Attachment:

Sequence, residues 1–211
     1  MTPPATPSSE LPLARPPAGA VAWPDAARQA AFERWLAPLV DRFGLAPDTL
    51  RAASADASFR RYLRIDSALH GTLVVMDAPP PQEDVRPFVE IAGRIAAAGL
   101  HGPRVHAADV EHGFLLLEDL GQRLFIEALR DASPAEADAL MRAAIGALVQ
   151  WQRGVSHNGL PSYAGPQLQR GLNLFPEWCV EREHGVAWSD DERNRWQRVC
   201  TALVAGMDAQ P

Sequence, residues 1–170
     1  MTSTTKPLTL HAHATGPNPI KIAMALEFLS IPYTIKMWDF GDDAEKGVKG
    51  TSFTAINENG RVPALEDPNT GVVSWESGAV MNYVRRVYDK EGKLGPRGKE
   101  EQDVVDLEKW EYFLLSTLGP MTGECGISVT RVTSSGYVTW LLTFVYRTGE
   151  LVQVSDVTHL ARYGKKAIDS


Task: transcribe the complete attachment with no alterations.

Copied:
Sequence, residues 1–211
     1  MTPPATPSSE LPLARPPAGA VAWPDAARQA AFERWLAPLV DRFGLAPDTL
    51  RAASADASFR RYLRIDSALH GTLVVMDAPP PQEDVRPFVE IAGRIAAAGL
   101  HGPRVHAADV EHGFLLLEDL GQRLFIEALR DASPAEADAL MRAAIGALVQ
   151  WQRGVSHNGL PSYAGPQLQR GLNLFPEWCV EREHGVAWSD DERNRWQRVC
   201  TALVAGMDAQ P

Sequence, residues 1–170
     1  MTSTTKPLTL HAHATGPNPI KIAMALEFLS IPYTIKMWDF GDDAEKGVKG
    51  TSFTAINENG RVPALEDPNT GVVSWESGAV MNYVRRVYDK EGKLGPRGKE
   101  EQDVVDLEKW EYFLLSTLGP MTGECGISVT RVTSSGYVTW LLTFVYRTGE
   151  LVQVSDVTHL ARYGKKAIDS